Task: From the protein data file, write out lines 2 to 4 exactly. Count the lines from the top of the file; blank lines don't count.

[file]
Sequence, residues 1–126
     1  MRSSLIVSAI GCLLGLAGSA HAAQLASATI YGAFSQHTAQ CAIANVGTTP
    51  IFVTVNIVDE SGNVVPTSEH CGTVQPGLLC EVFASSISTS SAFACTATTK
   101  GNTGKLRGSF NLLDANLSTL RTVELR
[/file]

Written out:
     1  MRSSLIVSAI GCLLGLAGSA HAAQLASATI YGAFSQHTAQ CAIANVGTTP
    51  IFVTVNIVDE SGNVVPTSEH CGTVQPGLLC EVFASSISTS SAFACTATTK
   101  GNTGKLRGSF NLLDANLSTL RTVELR